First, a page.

NSW discretionary trusts – one shot, one final opportunity to avoid extra land tax and duty on landholdings!
By Andrew Henshaw, Director and Harrison Dell, Senior Associate
In the 2016 State budget, the NSW Government announced that foreign persons would be hit with additional transfer duty and land tax. These amendments became law in June 2016. There has been lingering uncertainty whether the ‘foreign trust’ rules would apply to discretionary trusts (given that most discretionary trusts include a wide range of persons, including ‘foreign persons’).
Due to new legislation passed in June 2020, it is now clear that most discretionary trusts will be considered ‘foreign trustees’, and therefore up for extra taxes, unless amendments have been made to the relevant trust deed. However, trustees of discretionary trusts still have one shot and one final opportunity to avoid these extra (potentially retrospective) taxes.
For the trustee of any trust that owns residential land in NSW, now is the time to amend the trust deed. Do not miss your chance!
Overview of the Changes
The State Revenue Legislation Further Amendment Bill 2020 introduces new section 104JA of the Duties Act 1997 (NSW). Under section 104JA, a trustee of a discretionary trust is deemed to be a foreign trustee unless foreign persons are explicitly excluded from ever benefitting under the trust.
If the ‘explicit exclusion’ is not present, a trustee of a discretionary trust that owns or purchases residential land in NSW will be subject to the following additional tax and duties:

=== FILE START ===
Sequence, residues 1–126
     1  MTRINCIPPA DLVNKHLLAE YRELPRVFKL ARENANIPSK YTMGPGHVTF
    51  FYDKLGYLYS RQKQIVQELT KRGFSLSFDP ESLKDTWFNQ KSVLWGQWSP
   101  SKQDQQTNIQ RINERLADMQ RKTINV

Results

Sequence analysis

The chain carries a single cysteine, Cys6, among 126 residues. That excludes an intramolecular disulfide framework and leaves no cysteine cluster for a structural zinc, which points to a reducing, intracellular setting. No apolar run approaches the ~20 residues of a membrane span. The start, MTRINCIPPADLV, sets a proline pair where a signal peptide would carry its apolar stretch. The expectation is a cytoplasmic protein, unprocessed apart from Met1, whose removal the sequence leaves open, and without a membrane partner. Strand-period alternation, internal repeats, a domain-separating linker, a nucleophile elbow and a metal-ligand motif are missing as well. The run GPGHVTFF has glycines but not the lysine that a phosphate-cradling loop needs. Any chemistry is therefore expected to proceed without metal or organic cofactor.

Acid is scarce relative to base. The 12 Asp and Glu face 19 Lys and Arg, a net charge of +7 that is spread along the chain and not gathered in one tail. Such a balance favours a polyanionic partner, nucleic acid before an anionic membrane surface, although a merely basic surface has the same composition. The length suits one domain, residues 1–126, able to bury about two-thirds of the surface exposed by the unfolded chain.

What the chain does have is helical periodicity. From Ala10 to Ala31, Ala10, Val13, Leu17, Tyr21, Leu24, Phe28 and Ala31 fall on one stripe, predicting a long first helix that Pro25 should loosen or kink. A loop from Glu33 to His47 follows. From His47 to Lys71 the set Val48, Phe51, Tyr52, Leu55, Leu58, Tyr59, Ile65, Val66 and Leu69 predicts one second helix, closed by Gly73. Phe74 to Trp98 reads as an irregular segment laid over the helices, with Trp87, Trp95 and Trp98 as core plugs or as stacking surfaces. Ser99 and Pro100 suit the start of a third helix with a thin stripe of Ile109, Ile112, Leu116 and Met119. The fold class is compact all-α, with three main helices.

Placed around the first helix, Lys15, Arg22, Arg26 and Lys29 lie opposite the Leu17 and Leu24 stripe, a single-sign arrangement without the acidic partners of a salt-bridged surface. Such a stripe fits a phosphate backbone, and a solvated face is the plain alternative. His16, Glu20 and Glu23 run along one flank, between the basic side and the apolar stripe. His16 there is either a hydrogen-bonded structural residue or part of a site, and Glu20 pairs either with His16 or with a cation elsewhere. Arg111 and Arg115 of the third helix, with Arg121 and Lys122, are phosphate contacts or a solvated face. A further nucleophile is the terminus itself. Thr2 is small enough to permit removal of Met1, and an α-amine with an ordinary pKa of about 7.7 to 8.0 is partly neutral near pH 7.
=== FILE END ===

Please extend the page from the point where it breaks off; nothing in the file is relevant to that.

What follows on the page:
- surcharge purchaser duty – an extra 8% of the value of the residential land (e.g. an extra $160,000 on a property purchased for $2 million); and
- Surcharge land tax – an extra 2% land tax on the unimproved value of the residential land (e.g. an extra $40,000 per annum on a property with an unimproved value of $2 million).
These changes are retrospective, causing surcharge land tax and surcharge purchaser duty liabilities for the 2017, 2018, 2019 and 2020 land tax year if amendments are not made to the trust deed in time. This is regardless of whether a foreign person did benefit from the trust or not.
What can be done?
The foreign taxes are double, and sometimes triple, the standard transfer duty and land tax rates. Thankfully, a simple amendment to the trust deed can resolve this issue of a trustee being deemed a foreign person.
All discretionary trust deeds that hold NSW land should be amended before midnight 31 December 2020. Per the Commissioner’s Practice Note CPN 004 v2, a discretionary trust deed should be amended so that:
- no potential beneficiary of the trust is a foreign person (‘no foreign beneficiary requirement’); and
- the amendments are irrevocable (‘no amendment requirement’).
The trust deed amendment must be done explicitly, so there is no possibility of a foreign person benefiting under the trust. This can usually be done by amending the trust deed so that a ‘foreign person’ (as defined by the Duties Act 1997 (NSW)) cannot be entitled to any trust property or have it applied for their benefit. If the above requirements are satisfied by the amendment, surcharge purchaser duty and surcharge land tax should not apply to the trust.